Why is Pre-K so vital to the success of Kansas City?
Study after study validates what educators and parents know implicitly – quality pre-K has both short-term and long-term benefits for students and communities. But I think this really goes back to communities prioritizing the care of their most vulnerable citizens. Communities that thrive and that are truly vibrant places to live should ensure that their youngest learners, particularly those living in underserved areas, are well cared for. Quality early learning experiences connected to strong school experiences lead to success in school and in life for individuals and overall improved health for communities.
How can the state of Missouri expand high quality Pre-K options for all parents and families?
Governor Parson, the State Board of Education, and the Missouri Legislature deserve to be congratulated on the creation of the Office of Childhood last year. This step goes a long way in building a coherent, cohesive infrastructure to leverage resources for young learners and families. Now that the Office of Childhood is operational, it is time to increase the state’s investment in quality pre-K. Missouri is routinely at the bottom of national lists as far as investment in early childhood. Senator Lauren Arthur and Representative Brenda Shields have both introduced legislation increasing the state’s investment in pre-K through a phased-in approach. This legislation would essentially allow for all children that qualify for free and reduced lunch to access to free pre-K in Kansas City. These bills present a thoughtful, sustainable approach and would be a game changer for the state.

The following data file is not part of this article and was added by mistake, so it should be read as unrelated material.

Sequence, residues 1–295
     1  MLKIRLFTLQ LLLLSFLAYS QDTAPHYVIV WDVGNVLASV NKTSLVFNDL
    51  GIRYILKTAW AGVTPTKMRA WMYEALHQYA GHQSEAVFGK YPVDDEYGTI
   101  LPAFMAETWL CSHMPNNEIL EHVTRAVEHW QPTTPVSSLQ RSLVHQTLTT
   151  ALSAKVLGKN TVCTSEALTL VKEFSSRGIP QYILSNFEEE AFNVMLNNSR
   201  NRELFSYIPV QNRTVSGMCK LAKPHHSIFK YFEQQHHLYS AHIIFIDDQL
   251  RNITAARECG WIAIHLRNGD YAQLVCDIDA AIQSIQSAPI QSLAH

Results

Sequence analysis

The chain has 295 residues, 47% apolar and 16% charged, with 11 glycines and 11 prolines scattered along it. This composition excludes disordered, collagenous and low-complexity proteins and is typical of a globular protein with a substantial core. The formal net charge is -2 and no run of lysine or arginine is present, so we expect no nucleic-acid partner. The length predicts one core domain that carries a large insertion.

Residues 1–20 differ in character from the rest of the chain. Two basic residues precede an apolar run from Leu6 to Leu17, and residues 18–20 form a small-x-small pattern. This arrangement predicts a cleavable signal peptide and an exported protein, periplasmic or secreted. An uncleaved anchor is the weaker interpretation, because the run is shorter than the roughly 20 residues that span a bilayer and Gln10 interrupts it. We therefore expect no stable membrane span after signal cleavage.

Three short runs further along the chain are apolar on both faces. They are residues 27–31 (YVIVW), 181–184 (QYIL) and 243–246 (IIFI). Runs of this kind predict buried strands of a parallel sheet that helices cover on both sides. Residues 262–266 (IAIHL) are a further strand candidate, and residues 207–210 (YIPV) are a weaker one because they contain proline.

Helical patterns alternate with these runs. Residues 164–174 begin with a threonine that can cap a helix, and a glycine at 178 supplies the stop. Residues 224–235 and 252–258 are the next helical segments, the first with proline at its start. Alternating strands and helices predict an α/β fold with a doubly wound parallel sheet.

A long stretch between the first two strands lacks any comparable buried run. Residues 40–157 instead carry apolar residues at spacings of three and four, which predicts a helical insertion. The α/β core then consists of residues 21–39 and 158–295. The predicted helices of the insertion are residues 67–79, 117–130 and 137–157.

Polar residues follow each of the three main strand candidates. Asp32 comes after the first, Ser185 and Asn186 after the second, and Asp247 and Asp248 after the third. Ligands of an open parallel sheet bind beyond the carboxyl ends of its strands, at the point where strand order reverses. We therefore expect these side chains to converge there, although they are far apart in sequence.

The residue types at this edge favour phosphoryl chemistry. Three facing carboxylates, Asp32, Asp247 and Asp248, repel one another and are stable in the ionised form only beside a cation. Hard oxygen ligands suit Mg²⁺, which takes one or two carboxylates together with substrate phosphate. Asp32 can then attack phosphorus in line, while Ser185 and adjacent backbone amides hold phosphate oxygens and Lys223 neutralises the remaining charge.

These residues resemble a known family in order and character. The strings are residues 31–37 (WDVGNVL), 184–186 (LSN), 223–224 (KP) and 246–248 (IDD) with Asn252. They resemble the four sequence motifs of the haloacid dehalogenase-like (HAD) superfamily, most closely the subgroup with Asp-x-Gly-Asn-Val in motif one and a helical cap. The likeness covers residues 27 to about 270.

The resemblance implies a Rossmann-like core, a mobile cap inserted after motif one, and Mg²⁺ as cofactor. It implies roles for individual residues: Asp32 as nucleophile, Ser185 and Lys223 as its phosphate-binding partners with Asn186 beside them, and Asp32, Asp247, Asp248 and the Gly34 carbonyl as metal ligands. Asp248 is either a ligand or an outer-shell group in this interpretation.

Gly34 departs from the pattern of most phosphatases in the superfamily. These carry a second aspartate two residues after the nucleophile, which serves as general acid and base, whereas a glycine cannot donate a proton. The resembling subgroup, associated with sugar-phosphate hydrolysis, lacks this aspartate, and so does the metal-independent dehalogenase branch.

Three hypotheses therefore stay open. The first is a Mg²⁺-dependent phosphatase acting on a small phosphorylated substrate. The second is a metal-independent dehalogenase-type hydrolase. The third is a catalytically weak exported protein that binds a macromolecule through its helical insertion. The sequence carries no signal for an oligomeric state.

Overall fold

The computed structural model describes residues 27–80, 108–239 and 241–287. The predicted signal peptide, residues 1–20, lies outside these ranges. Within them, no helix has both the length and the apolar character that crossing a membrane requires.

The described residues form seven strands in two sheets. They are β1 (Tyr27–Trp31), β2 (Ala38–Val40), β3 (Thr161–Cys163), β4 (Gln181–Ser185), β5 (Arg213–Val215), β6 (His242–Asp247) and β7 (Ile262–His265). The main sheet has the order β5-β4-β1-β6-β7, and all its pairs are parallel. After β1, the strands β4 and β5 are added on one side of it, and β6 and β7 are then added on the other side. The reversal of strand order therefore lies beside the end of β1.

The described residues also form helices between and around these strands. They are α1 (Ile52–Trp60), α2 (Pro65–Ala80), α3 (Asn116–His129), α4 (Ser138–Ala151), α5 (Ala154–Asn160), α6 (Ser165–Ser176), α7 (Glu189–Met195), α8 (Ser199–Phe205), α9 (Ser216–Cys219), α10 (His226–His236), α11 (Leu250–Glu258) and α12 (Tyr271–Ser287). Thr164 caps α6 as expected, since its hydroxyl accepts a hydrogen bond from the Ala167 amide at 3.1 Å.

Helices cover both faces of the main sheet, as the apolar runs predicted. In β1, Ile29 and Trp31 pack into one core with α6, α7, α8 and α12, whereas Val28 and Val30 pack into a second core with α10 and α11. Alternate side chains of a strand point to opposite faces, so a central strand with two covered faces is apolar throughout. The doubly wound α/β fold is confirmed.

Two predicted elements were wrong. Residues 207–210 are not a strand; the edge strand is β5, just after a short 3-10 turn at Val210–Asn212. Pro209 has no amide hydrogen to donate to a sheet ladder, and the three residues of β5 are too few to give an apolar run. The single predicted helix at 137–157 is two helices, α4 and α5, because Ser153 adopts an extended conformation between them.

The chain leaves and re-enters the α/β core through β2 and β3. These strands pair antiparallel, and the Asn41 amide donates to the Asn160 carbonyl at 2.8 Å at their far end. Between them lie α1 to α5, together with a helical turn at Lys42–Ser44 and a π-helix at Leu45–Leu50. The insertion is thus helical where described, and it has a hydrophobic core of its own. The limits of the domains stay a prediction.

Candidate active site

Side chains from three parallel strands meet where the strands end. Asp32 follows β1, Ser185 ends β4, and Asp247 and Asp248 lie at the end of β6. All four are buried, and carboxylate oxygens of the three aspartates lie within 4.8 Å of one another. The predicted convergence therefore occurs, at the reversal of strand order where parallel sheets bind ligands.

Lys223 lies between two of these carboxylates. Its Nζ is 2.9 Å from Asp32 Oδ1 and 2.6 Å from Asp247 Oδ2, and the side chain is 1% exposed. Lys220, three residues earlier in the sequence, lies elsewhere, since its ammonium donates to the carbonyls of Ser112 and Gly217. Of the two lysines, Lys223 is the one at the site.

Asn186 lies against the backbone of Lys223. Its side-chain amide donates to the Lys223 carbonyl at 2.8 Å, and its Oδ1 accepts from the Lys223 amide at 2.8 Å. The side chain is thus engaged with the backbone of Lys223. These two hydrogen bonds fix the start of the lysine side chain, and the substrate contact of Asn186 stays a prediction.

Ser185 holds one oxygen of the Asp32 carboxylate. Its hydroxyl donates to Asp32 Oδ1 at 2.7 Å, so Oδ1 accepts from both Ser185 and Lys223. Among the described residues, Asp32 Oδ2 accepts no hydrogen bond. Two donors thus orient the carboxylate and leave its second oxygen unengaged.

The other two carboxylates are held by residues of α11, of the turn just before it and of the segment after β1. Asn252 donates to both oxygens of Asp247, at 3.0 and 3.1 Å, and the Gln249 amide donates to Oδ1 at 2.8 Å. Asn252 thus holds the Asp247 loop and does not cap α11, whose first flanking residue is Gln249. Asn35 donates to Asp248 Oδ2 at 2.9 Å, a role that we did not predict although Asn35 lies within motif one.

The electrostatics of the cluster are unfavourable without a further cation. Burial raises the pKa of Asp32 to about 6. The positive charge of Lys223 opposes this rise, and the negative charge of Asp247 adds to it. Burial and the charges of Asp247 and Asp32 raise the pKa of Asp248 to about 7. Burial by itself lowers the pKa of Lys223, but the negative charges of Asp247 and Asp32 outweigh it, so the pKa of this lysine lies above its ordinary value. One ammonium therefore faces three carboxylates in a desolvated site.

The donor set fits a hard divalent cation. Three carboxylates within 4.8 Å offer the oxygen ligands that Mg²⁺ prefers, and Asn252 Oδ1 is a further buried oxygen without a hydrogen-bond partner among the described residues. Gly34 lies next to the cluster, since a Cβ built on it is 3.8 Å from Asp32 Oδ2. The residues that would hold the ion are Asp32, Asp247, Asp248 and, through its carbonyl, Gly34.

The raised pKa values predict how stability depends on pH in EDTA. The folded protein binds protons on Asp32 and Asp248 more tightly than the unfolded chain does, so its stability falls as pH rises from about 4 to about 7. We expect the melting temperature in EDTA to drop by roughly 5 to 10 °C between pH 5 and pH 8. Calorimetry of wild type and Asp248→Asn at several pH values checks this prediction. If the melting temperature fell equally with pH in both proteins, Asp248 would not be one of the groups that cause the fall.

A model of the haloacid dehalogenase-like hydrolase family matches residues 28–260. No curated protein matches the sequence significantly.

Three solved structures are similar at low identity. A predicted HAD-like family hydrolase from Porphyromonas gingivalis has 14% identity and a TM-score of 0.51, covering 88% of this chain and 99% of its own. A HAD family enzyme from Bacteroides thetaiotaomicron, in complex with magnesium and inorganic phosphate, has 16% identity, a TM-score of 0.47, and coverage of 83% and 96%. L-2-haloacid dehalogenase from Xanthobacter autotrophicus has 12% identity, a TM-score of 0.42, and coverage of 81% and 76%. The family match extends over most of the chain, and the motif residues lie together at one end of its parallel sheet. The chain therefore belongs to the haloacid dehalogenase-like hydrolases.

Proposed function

What are your aspirations for early childhood education in Kansas City? What is next for Pre-K in KC?
I am always amazed at the innovative and entrepreneurial spirit of our partners and their commitment to keep pushing forward on behalf of kids. Policy change increasing public investment in pre-K is necessary to continue expansion. In the meantime, we are working to support pre-K providers and infuse resources in the ecosystem in a coordinated and coherent way. The Cooperative’s 2022 revamped RFP process grows the number of pre-K providers that are able to tap into our network, technical assistance, and professional development. We are optimistic that through these new partnerships we will be able to double the number of pre-k students under the Cooperative’s umbrella to over 500 for the 2022-2023 school year. It is wonderful to bring together leaders from the different types of early childhood providers that comprise our mixed delivery system – from centers to family child care providers to public schools. Our goal is to continue to grow and be ready if and when additional public revenue for pre-K seats is available.